The Signal Review

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Yes. Yes I am agitated.

Every so often, an independent film comes along that validates all of the stereotypes about the genre. Something where the lack of money dries out any good that could have been there, like a parched animal gasping for air. The Signal is one of those films.

The story centers on Nick (Brenton Thwaites) and Jonah (Beau Knapp) two MIT hackers in search of a mysterious cyber anarchist who shut down the entire system. Tagging along on the trip is Haley (Olivia Cooke), Nick’s girlfriend who is starting to tire of his emotional unavailability. As they arrive on what seems to be a compelling lead, they are suddenly attacked by a mysterious force, and Haley is sucked into the sky. When Nick wakes up, we find him trapped in a mysterious research facility full of white suited dullards lead by Damon (Laurence Fishburne) who claims that our heroes have returned from being abducted by aliens.

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I love slow burn films. Intentionally stringing the audience along to lead into an epic pay off, or twist, it’s one of the strongest tools a director can use, especially in a smaller film like this. However, if that’s the route a film goes down, it becomes imperative that the pay off is in fact, epic. The Signal forgoes that fundamental entirely. Director William Eubank is so focused on making things look pretty, that he forgets to actually make anything happen in his silly little movie. This is a glacially paced, wooden, and agonizingly predictable trip down self indulgence lane.

At every turn, you can practically hear Eubank heavily breathing as he marvels at his own brilliance. He employs the intentional stoicism of Sci Fi films such as The Matrix (gee, maybe that’s why Fishburne is here) in both the visuals, and the characters inside the lab. Everything constantly hits you over the head with the fact that they are building towards a huge reveal. The dialogue is so cryptic, with mysterious questions that don’t seem to make sense, littered with constant moments of Nick agonizing over what it all could mean, and how he could escape. However, the reveal is so obvious that I can almost guarantee you that your first guess at what this all is correct. I suck at predicting things, and I had this thing mapped out almost instantly.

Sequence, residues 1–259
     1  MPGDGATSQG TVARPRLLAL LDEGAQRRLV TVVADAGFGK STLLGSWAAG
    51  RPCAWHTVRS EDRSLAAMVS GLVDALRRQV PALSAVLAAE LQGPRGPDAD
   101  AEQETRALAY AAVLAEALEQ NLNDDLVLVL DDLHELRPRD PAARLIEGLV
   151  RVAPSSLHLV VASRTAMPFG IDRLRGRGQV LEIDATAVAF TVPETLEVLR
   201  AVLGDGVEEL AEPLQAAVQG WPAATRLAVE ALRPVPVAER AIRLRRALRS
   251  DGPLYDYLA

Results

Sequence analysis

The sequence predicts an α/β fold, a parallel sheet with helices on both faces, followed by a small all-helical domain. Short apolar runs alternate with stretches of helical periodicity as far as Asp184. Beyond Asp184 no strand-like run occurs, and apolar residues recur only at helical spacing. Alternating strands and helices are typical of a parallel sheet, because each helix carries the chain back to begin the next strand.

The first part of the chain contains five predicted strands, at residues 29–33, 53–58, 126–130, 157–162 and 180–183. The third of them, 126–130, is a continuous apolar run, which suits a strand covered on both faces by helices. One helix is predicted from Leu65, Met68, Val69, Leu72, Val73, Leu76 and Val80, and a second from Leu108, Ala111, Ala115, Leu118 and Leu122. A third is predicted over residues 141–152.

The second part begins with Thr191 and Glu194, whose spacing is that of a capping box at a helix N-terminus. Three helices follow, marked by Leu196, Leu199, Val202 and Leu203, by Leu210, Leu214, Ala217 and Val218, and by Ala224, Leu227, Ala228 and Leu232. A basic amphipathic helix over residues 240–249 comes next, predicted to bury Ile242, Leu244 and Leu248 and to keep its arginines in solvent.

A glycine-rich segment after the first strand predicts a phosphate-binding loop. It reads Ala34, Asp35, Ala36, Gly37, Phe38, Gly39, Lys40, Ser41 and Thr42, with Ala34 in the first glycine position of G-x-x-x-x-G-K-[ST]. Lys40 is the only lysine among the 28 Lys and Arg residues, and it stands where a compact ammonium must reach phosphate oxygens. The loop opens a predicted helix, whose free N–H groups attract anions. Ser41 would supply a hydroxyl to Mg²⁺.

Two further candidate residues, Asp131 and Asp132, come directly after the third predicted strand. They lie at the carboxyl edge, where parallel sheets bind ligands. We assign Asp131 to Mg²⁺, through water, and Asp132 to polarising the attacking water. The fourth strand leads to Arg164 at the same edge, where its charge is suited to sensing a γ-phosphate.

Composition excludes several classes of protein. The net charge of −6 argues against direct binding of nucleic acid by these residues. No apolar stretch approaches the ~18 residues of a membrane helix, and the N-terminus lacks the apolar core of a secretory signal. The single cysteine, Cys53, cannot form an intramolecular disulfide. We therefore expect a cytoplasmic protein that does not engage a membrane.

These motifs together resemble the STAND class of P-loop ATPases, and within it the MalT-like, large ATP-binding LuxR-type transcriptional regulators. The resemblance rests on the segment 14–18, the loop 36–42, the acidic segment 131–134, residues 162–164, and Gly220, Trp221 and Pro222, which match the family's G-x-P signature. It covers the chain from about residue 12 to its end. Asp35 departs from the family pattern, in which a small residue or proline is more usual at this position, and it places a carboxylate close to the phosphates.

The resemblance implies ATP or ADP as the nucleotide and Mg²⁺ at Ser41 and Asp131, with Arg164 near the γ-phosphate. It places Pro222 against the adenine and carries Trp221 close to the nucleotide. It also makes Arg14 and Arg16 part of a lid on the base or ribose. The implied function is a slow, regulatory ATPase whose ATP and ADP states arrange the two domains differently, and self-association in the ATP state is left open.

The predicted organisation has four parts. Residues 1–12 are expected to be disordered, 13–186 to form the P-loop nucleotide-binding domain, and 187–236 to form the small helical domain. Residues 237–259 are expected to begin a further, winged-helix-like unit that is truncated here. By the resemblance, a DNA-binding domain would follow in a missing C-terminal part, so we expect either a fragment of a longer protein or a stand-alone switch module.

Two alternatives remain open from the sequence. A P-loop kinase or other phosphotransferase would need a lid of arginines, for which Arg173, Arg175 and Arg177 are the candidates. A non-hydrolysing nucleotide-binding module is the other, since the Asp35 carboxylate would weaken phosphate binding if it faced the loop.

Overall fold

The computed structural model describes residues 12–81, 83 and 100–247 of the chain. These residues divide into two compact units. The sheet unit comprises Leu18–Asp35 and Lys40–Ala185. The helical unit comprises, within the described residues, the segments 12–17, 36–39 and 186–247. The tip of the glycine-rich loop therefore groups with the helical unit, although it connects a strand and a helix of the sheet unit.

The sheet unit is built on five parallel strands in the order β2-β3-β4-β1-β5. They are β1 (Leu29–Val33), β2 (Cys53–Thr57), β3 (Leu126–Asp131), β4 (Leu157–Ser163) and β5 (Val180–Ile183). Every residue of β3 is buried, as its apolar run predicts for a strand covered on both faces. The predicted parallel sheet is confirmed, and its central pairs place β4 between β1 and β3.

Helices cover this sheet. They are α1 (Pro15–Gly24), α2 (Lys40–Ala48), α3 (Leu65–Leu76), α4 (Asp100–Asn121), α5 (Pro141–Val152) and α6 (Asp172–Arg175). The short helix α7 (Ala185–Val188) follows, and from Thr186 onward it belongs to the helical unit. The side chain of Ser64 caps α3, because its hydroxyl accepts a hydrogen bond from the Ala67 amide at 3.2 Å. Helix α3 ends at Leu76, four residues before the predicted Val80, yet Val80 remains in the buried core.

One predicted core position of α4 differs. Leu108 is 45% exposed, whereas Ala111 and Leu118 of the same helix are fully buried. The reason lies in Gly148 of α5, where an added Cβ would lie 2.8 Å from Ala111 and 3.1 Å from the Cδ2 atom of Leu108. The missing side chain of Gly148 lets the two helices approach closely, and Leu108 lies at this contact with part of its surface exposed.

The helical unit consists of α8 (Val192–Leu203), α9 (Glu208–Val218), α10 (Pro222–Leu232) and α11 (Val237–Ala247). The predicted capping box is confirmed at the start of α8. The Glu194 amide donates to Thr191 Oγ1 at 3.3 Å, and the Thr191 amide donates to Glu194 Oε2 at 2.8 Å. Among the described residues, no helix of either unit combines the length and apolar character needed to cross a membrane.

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This stoicism leads to a great deal of stupidity on the part of some of the characters. The main ones get off fairly easy, but this film contains some of the stupidest grunts I’ve ever seen. Nick literally almost escapes this hell-house because a guy just refuses to look up from a piece of paper to see the person he is supposed to be guarding loudly dragging himself, and a medical bed across the hall. This type of stuff is pervasive throughout, and will have you loudly laughing in your empty theater.

Also, when the movie tries to have action, it utterly fails, stretching that two million dollar budget as far as it will go. Instead of having actual action sequences, the film fades to black, goes to a stillborn slow motion money shot, and back to black again. This completely extinguishes all the tension, and makes the cheep looking CGI stand out all the more. Seriously, if action sequences aren’t an option, just don’t bother.

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This movie does have two major assets. The first, is the performances by all four of the leads. Thwaites, Cooke, and Knapp effectively convey their camaraderie, their fear, and their ultimate anguish while never going over the top as many young actors do. In fact, I was highly enjoying the movie before the conflict starts, and it’s just the three of them interacting. Fishburne gives us a pretty run-of-the-mill performance for him, but in this case, it’s intentional and fairly effective. Also, when there isn’t action going on, the cinematography by David Lanzenberg is absolutely gorgeous, and gives the movie a dark and foreboding look that does manage to escalate the tension in some sequences.

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However, even with those great elements, the signal is a film that refuses to know it’s limits. As such, it comes off as completely half baked, and arrogant. Don’t get me wrong, if a film student friend of mine had made this, I would be bowing down to them. However, for something I’m paying to see, an amateur film like this simply doesn’t cut it, especially in a year where nearly everything has been firing on all cylinders.

You’re up ‘Rover’. Hopefully you’ll show em how it’s done.

Rating: D

 

 

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